The foregoing illustrates that a few principled people can influence events. What can you do, dear reader? Write to your congressmen. Explain that it is wasteful to spend (as an industry) over $10,000 per doctor per year on promoting drugs to doctors that only inflate the actual cost of the medicine for patients, when many physicians use appropriate generic drugs anyway. Unfortunately, the pharmaceutical industry successfully lobbied for direct advertising to the public of prescriptions without any congressional hearings. An administrative rule change that went against several generations of ethical precedent achieved the industry’s goal.
Developing new drugs is expensive, but the high cost of drugs is also driven by the costs of unnecessary and confusing promotion. I have even been compelled to waste valuable time trying to explain diplomatically why patients don’t need that constantly advertised “purple pill.” They often don’t even know what it is for.
Penicillin required no advertising. In other words, physicians will seek out and clamor for any great new discovery. Advertising prescription drugs not only is unnecessary, but it’s expensive too (and perhaps subtly subversive). I thank, and apologize to my patient of long ago for helping me to understand this.
John A. Frantz, M.D.
December 22, 2003
When I was in school in the 1940s student nurses looked forward to being “capped”. This meant graduating to the status of registered nurse, and they proudly wore their newly earned white caps with a separate design for each nursing school. Gradually through the years nurses wear these caps less and less. As a matter of fact they are now only worn for the graduation ceremony, and the caps rented in the same spirit that college graduates have rented caps and gowns for graduation for many, many years.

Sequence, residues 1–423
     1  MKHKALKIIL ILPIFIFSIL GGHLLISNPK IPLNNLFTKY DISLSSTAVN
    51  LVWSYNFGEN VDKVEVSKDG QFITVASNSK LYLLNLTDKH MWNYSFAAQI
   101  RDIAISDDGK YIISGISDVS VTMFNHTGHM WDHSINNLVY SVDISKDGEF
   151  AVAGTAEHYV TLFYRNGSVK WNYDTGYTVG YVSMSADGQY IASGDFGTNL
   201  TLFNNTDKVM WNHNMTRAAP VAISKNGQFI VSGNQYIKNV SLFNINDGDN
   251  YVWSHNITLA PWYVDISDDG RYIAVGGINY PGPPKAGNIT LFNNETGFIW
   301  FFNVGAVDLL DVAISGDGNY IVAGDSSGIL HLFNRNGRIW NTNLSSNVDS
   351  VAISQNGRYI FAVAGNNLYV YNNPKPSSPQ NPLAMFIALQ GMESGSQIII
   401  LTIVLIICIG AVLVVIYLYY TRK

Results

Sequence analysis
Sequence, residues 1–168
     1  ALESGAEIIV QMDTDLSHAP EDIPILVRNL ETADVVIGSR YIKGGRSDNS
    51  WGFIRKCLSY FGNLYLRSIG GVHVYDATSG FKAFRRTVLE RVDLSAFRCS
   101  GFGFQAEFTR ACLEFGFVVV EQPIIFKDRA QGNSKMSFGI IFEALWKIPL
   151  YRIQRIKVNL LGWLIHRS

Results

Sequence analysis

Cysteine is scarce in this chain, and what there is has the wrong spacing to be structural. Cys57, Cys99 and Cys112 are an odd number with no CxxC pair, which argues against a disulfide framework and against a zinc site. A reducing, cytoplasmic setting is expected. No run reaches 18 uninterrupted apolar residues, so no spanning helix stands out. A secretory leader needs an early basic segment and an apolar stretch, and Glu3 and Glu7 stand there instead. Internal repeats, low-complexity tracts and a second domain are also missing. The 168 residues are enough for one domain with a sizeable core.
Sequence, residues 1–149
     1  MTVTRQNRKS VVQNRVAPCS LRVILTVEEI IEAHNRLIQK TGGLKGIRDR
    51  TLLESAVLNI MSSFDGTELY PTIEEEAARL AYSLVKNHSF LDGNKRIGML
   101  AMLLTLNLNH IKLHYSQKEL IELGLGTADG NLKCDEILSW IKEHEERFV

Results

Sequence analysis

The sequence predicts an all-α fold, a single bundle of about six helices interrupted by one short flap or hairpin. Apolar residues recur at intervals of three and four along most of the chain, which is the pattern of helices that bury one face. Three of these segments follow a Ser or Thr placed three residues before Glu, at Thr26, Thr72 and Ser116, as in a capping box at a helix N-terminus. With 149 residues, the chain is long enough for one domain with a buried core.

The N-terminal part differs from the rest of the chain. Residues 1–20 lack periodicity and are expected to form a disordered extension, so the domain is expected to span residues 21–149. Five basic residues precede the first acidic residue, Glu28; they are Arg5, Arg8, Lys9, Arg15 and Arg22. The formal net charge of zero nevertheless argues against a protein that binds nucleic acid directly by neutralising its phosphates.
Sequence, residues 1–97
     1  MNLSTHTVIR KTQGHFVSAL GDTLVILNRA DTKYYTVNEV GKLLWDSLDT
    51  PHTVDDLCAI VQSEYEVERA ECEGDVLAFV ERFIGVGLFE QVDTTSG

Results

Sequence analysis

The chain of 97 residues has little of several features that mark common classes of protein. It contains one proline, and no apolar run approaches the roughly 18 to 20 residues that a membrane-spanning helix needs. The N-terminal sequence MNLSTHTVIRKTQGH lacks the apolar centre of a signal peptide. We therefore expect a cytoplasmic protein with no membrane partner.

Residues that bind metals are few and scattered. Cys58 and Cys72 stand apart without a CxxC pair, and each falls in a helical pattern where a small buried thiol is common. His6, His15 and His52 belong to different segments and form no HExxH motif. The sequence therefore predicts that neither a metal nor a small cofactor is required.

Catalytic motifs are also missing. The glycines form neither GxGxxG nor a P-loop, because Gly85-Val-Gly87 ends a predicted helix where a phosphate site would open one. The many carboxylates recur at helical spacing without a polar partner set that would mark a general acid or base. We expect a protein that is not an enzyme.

Originally did medieval professors actually wear their caps and gowns for giving lectures and other academic duties? And did they also gradually stop wearing them except for ceremonial purposes as I have seen the nurses do? Odds are this is an example of history repeating itself with slightly different details.
Judges have continued to wear robes. In Great Britain they even still wear wigs. Is this to make them look older and wiser?
John A. Frantz, M.D.
January 15, 2004
Communicating with Extraterrestrials
An item in the 125th Anniversary issue of Science (1 July, 2005) entitled Are We Alone in the Universe? tied up a loose end in my thinking. It described Congress in 1993 prohibiting NASA from spending public funds “looking for little green men with misshapen heads”.
Suppose we are, as some of us believe, ex officio top dogs in the entire universe. Are we thereby obligated to spend vast sums of money too large to obtain privately to send our signals to the riff-raff civilizations unable to transmit galactic signals but only able to listen for us? This is consistent with similar efforts for a couple of millennia informing our more primitive con-specifics the details of cosmic governance if indeed these details have been “revealed” to us alone.
When the religious right takes over our government, we can expect many goofy expenditures such as the above. JAF